Flashback #3 in my re-posting from a blog I wrote several years ago about my struggles with depression.
My purpose in revisiting the “old” me is to remind myself and any others who care to read, to:
claim the positive energy that is available to each of us for our own benefit and for the benefit of others.
This is a post from July 14, 2012:
Doing It Anyway
One of the difficulties when trying to work one’s way out of a deep depression is facing the conundrum: We don’t feel up to doing the things that are going to make us feel up to doing things. At the depths of depression, it might become a challenge even to get out of bed, let alone actually take part in any meaningful activity.
During my various stints in intensive behavioral health outpatient treatment programs (which I prefer to just call “brain school”), I was taught a lot of things about dealing with depression. Some of those things I even remember. Then again, some things I remember probably weren’t really the things they were trying to teach me. So take what I say I learned with a grain of salt.
One thing I learned about doing the work I need to do to get better is that if I don’t think I can do something, or don’t feel I can do it, or don’t believe I can do it, that’s the time to do it anyway.
Do what I just said I can’t do? In a word, yes. Maybe I’m telling myself that I can’t get out of bed and face the day. But if my body is physically capable of lifting itself out of the bed, then indeed I can get up. If I survived the challenges of yesterday, chances are I can survive today, too. No matter what it feels like.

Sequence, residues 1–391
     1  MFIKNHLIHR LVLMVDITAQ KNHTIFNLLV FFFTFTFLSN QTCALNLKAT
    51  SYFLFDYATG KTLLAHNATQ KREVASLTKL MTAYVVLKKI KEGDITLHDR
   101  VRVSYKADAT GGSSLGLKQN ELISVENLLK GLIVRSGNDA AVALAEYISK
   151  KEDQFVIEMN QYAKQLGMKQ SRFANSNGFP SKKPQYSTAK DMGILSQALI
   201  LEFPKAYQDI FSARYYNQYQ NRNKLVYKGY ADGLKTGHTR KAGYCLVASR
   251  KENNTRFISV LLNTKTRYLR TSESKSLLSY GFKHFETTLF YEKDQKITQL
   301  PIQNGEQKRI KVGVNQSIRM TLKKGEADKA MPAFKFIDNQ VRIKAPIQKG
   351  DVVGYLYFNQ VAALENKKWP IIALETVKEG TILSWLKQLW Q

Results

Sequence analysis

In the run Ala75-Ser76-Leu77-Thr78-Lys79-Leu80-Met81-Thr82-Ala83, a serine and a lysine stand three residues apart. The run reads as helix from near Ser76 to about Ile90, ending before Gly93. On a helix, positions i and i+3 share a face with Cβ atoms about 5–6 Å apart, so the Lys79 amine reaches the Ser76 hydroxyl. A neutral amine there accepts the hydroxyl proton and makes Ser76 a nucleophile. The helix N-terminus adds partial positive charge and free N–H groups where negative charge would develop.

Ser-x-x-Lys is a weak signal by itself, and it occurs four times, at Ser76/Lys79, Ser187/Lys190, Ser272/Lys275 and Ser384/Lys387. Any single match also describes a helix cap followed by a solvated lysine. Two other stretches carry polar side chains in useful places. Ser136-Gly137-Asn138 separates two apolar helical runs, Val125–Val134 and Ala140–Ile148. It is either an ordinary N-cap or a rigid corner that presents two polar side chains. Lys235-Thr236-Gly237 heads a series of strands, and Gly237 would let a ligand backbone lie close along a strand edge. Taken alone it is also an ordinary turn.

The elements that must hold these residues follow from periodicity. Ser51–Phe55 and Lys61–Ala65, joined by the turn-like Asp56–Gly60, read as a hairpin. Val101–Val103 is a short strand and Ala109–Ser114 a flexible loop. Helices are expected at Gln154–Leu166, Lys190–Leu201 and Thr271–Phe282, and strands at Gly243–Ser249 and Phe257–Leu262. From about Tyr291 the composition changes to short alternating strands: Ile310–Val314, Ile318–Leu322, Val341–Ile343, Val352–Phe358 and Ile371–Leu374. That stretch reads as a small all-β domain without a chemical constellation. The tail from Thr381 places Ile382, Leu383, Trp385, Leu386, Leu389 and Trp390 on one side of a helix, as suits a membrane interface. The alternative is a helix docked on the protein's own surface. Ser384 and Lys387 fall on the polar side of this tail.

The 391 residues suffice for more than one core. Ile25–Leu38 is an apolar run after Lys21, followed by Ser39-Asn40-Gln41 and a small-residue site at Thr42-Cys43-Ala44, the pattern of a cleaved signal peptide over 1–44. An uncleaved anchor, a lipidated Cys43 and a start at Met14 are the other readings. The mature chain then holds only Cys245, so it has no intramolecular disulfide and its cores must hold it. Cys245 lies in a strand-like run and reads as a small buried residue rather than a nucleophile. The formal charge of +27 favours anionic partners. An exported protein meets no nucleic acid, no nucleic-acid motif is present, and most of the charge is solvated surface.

And if getting up and doing something is going to help me get up and do things, then perhaps I truly can take that first step. It’s kind of like practicing tough love on myself. Gently, though. Lovingly.
I’m not saying it’s easy. I can’t just turn on a switch and suddenly have the energy, the insight, or even the will to do something, even if I know it would be to my benefit. It’s hard, very hard. But if I can just make a slight movement forward, I can begin to overcome the inertia that feels like a 10,000 ton weight holding me down.
This all comes to mind today because I am heading out on an overnight camping excursion with my daughter. An absolute and utter miracle, if I look back on how I felt four months ago. Back then it was a major undertaking to get myself to the grocery store. Unless I had to buy food for the cats, it was just easier for me not to eat.
I am thankful for the therapists at brain school who told me to just do it anyway.
Wishing you a good day today.